He said he led a united caucus and one of the best things about last year’s leadership contest was that it was open and conducted throughout the country.

That’s a claim I wonder about. While Shearer is busy getting aroundn then country meeting as many people as possible (good idea) there seems to be a few MPs doing their own thing, or at least trying to.

Just over a week ago David Cunliffe gave a speech that could be seen as a leadership type dabble. It was said he had another speech coming but he seems tonhave been quiet since then.

Trevor Mallard has been running his gotcha campaign – he was still promoting it in the weekend. This seems at odds with Shearer’s stated mode of politics, and it also seems at odds with Labour recovering credibility with the wider public.

Shearer is doing some good work at this stage of his leadership (although his major speeches have been underwhelming), making himself known and slowly building support and credibility.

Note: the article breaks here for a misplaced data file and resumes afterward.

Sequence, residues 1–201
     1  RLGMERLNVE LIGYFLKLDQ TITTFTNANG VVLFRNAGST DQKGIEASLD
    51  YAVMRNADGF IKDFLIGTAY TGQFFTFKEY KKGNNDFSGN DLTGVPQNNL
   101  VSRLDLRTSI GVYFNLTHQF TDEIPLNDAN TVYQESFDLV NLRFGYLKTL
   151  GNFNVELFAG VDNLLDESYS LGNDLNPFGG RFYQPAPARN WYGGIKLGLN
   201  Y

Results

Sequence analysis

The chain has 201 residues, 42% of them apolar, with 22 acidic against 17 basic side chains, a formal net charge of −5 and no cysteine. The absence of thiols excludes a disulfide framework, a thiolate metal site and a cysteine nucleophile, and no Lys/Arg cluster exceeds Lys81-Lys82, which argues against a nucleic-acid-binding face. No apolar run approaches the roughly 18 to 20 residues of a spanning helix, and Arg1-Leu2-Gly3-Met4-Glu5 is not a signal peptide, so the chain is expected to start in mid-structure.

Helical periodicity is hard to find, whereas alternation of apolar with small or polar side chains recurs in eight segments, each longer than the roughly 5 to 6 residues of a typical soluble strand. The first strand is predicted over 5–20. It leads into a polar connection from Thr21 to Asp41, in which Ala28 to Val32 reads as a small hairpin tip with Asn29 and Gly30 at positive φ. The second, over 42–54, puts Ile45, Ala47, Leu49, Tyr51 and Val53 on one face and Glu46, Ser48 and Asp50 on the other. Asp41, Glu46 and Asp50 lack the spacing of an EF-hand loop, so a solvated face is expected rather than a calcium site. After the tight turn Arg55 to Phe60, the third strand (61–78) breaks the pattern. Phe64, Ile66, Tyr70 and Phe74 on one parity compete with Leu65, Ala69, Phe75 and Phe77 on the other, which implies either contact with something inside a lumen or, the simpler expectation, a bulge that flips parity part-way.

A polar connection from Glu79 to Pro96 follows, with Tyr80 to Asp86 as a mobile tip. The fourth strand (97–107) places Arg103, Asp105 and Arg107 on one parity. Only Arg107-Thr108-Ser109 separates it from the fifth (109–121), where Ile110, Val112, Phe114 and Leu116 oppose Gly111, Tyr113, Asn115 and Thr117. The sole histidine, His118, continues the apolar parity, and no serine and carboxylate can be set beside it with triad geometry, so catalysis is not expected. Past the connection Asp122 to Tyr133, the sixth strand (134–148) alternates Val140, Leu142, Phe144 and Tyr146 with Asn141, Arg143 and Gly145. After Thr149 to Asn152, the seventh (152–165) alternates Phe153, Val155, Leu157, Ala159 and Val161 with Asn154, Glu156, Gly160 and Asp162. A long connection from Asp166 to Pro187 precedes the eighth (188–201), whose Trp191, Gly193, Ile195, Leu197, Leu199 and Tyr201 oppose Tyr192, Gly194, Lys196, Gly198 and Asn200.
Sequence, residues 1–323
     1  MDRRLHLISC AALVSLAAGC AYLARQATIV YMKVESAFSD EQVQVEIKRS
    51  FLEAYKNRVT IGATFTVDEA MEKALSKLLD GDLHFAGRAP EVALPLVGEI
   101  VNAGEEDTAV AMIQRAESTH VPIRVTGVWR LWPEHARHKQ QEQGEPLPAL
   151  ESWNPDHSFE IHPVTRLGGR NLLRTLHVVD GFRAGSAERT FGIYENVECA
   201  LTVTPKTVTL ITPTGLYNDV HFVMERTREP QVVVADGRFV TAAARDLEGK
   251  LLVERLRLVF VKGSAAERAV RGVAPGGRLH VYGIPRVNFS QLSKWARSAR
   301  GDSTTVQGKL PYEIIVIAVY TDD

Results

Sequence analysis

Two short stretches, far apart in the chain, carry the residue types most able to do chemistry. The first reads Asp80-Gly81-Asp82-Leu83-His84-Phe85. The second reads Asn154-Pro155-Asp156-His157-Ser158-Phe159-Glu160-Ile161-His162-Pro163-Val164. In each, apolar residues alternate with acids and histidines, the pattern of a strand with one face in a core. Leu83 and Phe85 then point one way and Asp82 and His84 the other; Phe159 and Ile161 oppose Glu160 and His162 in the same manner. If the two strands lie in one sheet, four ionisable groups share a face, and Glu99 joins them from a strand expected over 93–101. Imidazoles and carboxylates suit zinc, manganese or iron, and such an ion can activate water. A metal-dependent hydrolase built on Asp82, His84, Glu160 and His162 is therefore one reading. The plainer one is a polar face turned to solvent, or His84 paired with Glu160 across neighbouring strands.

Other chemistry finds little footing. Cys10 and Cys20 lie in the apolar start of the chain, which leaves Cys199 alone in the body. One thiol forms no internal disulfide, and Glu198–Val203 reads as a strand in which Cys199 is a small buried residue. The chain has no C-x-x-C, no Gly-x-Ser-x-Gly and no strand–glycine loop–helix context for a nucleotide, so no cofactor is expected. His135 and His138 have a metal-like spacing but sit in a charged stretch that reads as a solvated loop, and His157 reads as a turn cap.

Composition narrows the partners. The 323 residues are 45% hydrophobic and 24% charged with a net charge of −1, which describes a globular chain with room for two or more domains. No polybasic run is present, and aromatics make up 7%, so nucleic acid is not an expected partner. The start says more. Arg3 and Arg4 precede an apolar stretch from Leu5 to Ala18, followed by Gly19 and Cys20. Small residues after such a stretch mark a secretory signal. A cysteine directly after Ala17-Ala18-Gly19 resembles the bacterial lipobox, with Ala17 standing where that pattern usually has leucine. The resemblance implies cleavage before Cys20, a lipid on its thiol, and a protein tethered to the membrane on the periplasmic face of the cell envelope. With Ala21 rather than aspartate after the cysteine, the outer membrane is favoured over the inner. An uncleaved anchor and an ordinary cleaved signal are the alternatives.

That will count for little if the rest of his Labour caucus don’t get behind him and support both him and his leadership style ideals.

MPs on ‘gotcha’ politics

I am contacting all MPs and asking the following:

Do you support “gotcha” politics where attacks and accusations are made to try and damage parties and to discredit and potentially end the careers of fellow MPs? Yes/No?

A comment is welcome. This will be published online.

NOTE: The question refers to what is beyond holding Government and parties to account, it is negative politics aimed at scoring political points and inflicting political damage regardless of the personal consequences and regardless of the reasonable democratic process.

Voters elect MPs and choose preferred parties. It should not be up to party strategists and dirty tricks operatives to try and determine who they want to be forced out of their place in our House of Representatives.

I will post all responses here.

Name Party Yes/No Comment
Adams, Amy NAT
Ardern, Jacinda LAB
Ardern, Shane NAT
Auchinvole, Chris NAT
Bakshi, Kanwaljit Singh NAT
Banks, John ACT
Barry, Maggie NAT
Bennett, David NAT
Bennett, Paula NAT
Blue, Jackie NAT
Borrows, Chester NAT
Bridges, Simon NAT
Browning, Steffan GRE
Brownlee, Gerry NAT